SOUTH PORTLAND — People who attend the annual Art in the Park Show & Sale generally circle the displays like schools of fish in an aquarium, occasionally darting out from the lines of strollers to get a closer look at the artwork inside dozens of tents erected around Mill Creek Park.

The canvases and photographs tend to be heavy on seascapes, marshes, deserted barns and other Maine iconography. So when something different comes along, crowds tend to gather.

That may explain why Lori Austill’s tent was often filled Saturday by browsers wanting to know about her encaustic paintings, which she makes out of hot beeswax, pigment and tree sap, a technique developed by the ancient Greeks and Egyptians. Her brilliant pastels of nature, rich earth- and jewel-toned abstracts and leaping dancers caught the eye of many passers-by, including Laura Thomas of Medford, Massachusetts, who just had to have one.

‘”It’s the texture and I really like the colors,” said Thomas.

Austill has been a regular at the Mill Creek show for the past 15 years.

The show, a joint venture of the city of South Portland and business sponsors, has been held on the second Saturday of August for the past 38 years. This year the show included 170 artists and photographers, a food court, children’s activities and music. The best artist in the show – this year watercolorist Charles Mooradian of Nashua, New Hampshire – took home $800. There were another $8,500 in cash prizes distributed in various categories.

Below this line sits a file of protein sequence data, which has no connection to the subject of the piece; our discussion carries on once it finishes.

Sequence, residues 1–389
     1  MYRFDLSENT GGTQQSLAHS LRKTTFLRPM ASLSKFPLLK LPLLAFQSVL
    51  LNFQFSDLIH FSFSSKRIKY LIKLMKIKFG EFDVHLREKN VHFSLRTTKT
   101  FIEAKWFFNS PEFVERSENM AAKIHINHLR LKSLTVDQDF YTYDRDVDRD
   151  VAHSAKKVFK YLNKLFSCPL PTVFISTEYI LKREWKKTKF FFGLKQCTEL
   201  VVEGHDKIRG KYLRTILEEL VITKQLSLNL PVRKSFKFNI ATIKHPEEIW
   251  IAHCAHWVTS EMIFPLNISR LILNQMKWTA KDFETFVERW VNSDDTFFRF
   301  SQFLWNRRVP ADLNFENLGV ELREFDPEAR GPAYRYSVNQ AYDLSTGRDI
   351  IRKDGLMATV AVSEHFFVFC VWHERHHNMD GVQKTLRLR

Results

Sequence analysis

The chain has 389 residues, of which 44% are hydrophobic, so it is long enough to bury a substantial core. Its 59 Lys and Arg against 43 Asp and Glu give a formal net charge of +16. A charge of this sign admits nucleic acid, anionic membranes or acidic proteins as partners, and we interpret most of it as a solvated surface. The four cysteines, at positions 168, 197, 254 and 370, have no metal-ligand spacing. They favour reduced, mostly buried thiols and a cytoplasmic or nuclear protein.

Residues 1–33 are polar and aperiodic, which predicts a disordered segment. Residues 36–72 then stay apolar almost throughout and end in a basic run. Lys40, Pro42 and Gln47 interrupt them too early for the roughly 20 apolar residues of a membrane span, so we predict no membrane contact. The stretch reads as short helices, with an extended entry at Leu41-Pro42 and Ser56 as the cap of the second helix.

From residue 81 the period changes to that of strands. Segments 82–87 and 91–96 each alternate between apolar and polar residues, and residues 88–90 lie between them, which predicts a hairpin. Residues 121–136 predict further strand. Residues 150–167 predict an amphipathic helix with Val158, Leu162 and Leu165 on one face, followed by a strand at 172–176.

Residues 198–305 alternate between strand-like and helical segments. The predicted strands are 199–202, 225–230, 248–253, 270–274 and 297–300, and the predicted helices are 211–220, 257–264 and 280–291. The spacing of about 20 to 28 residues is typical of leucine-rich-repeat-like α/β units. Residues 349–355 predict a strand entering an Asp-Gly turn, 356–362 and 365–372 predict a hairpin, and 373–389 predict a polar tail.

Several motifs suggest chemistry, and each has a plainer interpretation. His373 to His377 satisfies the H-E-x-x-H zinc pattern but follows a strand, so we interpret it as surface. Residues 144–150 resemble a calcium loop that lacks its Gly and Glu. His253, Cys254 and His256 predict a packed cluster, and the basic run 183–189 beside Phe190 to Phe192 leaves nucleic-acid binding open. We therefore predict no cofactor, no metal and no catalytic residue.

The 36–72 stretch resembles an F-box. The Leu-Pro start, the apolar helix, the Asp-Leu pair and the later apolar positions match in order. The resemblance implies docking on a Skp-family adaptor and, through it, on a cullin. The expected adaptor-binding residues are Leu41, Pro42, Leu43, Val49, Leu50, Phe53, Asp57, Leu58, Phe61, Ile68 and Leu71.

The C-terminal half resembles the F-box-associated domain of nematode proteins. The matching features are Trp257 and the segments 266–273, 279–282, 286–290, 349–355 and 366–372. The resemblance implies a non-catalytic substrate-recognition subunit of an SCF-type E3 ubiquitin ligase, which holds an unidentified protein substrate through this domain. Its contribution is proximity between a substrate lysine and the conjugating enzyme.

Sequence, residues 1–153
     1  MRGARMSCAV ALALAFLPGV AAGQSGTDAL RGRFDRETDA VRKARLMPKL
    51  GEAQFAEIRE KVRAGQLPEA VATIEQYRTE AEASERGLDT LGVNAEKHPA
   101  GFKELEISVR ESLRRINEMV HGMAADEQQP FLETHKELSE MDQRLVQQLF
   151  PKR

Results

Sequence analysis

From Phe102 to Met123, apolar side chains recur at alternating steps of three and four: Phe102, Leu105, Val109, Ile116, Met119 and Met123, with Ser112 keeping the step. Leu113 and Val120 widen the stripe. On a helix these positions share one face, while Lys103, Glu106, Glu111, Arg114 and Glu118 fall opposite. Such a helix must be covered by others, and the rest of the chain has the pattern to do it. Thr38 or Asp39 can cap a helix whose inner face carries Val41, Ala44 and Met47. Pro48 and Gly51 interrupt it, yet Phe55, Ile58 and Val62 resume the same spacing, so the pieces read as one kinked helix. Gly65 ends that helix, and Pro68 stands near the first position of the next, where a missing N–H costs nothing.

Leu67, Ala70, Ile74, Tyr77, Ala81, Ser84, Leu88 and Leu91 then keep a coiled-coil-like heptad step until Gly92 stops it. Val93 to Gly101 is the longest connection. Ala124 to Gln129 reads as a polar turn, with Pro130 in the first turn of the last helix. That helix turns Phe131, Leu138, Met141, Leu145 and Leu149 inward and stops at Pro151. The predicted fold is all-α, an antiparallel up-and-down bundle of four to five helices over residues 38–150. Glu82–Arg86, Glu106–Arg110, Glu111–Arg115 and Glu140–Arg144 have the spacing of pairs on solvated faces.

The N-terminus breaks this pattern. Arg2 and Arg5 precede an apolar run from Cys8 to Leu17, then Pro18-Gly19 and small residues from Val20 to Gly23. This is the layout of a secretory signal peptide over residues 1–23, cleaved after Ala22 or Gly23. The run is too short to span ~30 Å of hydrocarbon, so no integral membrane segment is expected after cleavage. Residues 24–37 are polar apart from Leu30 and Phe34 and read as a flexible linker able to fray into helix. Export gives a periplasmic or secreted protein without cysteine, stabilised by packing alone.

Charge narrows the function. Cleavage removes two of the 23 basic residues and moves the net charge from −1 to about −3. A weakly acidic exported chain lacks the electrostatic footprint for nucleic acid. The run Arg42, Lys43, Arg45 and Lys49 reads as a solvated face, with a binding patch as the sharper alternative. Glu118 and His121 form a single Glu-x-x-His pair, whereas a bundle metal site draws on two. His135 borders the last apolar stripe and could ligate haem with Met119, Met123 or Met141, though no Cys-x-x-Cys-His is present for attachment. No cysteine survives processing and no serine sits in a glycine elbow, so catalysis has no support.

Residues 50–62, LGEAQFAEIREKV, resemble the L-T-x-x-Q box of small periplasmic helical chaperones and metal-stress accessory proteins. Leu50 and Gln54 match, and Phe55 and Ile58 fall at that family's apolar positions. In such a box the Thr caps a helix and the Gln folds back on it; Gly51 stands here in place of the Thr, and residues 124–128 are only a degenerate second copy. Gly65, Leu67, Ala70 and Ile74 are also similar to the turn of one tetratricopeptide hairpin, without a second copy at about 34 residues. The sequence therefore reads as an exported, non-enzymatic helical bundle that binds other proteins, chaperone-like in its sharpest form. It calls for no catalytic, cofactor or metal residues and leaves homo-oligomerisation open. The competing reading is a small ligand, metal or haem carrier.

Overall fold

The show also awards a $1,000 scholarship to a graduating student from South Portland High School. In addition, the show’s proceeds help pay for park improvements, which have included the fountain, holiday lighting, sound system and gazebo.

One of Austill’s pieces won one of the five $150 merit awards this year.

“Goody, goody, goody!” she said when she learned she was among the finalists.

A graduate of the former Portland School of Art, now the Maine College of Art, Austill spent years painting on plaster until she switched over to encaustic painting nine years ago.

“Her work has evolved a lot,” said Anne Thomas of South Portland, the mother of Laura Thomas.

The senior Thomas said she has some of Austill’s artwork herself.

“It is bright and vibrant,” she said.

Austill paints out of her garage-turned-studio in Portland’s North Deering neighborhood. She opens up the studio to the public a couple of times a year.

“I am a shy painter,” she said.

Her work emits a faint odor of beeswax. The paintings have to be hung in the right spot – not over a hot radiator or near a burning wood stove or in bright sunlight – to prevent melting.

Muriel McDonald of South Portland paused before one of Austill’s pastel nature scenes and asked, “Is this a tribute to Monet?”

Austill nodded.

“Every once in a while, Monet will just pop out. I don’t know why. It’s a mystery,” she said.


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